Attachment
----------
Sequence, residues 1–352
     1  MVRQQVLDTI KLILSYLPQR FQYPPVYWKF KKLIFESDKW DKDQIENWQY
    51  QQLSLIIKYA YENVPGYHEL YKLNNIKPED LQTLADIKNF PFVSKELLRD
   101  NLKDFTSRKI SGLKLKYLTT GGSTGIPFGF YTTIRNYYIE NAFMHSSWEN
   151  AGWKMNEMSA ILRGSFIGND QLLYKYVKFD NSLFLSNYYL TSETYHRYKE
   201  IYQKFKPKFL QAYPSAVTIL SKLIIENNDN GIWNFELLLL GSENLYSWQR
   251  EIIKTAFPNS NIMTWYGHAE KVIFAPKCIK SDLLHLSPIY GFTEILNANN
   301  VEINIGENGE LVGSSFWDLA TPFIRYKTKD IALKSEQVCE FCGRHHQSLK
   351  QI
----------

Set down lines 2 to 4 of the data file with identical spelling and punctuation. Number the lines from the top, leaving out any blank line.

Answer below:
     1  MVRQQVLDTI KLILSYLPQR FQYPPVYWKF KKLIFESDKW DKDQIENWQY
    51  QQLSLIIKYA YENVPGYHEL YKLNNIKPED LQTLADIKNF PFVSKELLRD
   101  NLKDFTSRKI SGLKLKYLTT GGSTGIPFGF YTTIRNYYIE NAFMHSSWEN